Our culture seems to be caught up in an epidemic of rudeness: Fights on airplanes, belligerent diners raging at stressed-out servers, school-board meeting attendees outraged over mask mandates, bullying bosses, a quiet comment that escalates into a red-faced, clenched-fist exchange of insults. I’ve been lucky so far, just an observer to the incivility, but the questions keep nagging: What to do about this? How to respond?
Research shows that being on the receiving end of incivility, or even witnessing it, amps us up and makes us want to respond in kind. That might give us a momentary sense of satisfaction – repaying rudeness with harsher rudeness so that we’re not bested in this toxic contest – but that’s like tossing a match in a gas can.
A friend here on the hub, Ashwin Budden, recently tipped me to Hidden Brain, a podcast that explores why we do what we do and probes the hard questions that ride the deeper rhythms of our lives. In a recent episode, How Rude!, behavioral scientist Christine Porath speaks about her research that offers an effective way to keep incivility from hijacking our minds and our behavior. It’s not reactive, but rather preventive.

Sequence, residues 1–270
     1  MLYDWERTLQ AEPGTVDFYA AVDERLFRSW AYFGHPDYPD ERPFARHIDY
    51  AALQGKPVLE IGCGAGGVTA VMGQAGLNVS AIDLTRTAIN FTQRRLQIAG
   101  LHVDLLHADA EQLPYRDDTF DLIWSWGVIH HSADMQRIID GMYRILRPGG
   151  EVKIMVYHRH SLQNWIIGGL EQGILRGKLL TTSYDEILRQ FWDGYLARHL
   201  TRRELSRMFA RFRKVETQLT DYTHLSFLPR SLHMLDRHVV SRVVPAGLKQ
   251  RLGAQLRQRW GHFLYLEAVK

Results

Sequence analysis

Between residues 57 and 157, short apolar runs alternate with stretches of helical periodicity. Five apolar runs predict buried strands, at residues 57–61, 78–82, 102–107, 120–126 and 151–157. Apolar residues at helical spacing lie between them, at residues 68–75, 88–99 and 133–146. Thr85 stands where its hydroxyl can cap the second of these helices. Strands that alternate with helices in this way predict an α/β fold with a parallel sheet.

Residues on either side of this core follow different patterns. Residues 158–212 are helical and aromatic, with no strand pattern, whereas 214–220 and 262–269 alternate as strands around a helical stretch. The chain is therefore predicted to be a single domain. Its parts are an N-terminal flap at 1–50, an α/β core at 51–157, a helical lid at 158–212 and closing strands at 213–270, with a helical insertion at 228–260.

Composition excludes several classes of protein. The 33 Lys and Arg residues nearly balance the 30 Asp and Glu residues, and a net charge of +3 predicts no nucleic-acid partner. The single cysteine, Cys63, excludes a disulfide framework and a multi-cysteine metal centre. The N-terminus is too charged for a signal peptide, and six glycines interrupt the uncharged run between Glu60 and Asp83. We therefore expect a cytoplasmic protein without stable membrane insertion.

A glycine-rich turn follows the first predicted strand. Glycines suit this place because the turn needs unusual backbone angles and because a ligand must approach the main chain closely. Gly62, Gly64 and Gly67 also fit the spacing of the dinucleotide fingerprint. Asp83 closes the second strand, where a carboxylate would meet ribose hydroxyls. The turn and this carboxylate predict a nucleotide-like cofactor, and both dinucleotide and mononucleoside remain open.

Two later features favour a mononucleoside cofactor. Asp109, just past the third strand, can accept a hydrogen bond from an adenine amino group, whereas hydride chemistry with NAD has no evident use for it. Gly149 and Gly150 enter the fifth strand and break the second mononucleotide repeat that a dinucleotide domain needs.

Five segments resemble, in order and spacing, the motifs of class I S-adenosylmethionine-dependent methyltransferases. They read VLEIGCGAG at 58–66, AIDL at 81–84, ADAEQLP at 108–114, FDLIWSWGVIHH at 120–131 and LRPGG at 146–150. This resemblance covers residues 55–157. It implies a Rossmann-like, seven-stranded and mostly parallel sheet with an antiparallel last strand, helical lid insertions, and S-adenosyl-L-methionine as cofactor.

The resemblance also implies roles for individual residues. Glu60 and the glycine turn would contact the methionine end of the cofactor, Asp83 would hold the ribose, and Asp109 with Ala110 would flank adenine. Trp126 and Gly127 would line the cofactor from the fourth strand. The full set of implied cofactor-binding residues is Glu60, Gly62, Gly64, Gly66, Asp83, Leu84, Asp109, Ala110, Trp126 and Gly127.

Instead of waiting to experience rude behavior and then figuring out what to do about it, she suggests that we focus on ourselves and engage in whatever activities help us develop a sense of thriving, of moving forward; activities that build hope, vitality, and resilience. The point is to strengthen in us a kind of immune system, she says, so that we’re far less likely to be triggered when others are uncivil and either respond in kind or simply leave the encounter feeling shaken.
So I’m curious: Have you found effective ways to respond to public incivility and perhaps calm the other person? Do you confine your actions to yourself and employ self-calming techniques? Do you just walk away, or does that simply give license for more bad behavior? What’s our responsibility if our goal is weaving a more life-giving culture?
Thanks in advance for your responses.